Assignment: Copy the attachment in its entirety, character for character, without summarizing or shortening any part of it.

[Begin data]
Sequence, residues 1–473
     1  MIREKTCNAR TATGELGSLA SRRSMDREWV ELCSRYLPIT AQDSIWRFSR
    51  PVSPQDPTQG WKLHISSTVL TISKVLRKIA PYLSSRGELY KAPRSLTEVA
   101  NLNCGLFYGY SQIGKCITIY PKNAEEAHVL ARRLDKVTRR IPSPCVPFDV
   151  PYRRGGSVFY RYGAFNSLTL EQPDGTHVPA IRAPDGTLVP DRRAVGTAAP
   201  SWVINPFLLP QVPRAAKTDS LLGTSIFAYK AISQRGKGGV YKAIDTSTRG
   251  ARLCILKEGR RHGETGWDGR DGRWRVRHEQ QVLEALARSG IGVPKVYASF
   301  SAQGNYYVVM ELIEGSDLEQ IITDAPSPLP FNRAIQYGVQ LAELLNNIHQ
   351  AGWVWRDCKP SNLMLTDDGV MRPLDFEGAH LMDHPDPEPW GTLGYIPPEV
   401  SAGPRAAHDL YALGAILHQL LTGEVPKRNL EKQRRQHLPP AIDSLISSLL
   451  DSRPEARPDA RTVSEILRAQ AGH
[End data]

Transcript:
Sequence, residues 1–473
     1  MIREKTCNAR TATGELGSLA SRRSMDREWV ELCSRYLPIT AQDSIWRFSR
    51  PVSPQDPTQG WKLHISSTVL TISKVLRKIA PYLSSRGELY KAPRSLTEVA
   101  NLNCGLFYGY SQIGKCITIY PKNAEEAHVL ARRLDKVTRR IPSPCVPFDV
   151  PYRRGGSVFY RYGAFNSLTL EQPDGTHVPA IRAPDGTLVP DRRAVGTAAP
   201  SWVINPFLLP QVPRAAKTDS LLGTSIFAYK AISQRGKGGV YKAIDTSTRG
   251  ARLCILKEGR RHGETGWDGR DGRWRVRHEQ QVLEALARSG IGVPKVYASF
   301  SAQGNYYVVM ELIEGSDLEQ IITDAPSPLP FNRAIQYGVQ LAELLNNIHQ
   351  AGWVWRDCKP SNLMLTDDGV MRPLDFEGAH LMDHPDPEPW GTLGYIPPEV
   401  SAGPRAAHDL YALGAILHQL LTGEVPKRNL EKQRRQHLPP AIDSLISSLL
   451  DSRPEARPDA RTVSEILRAQ AGH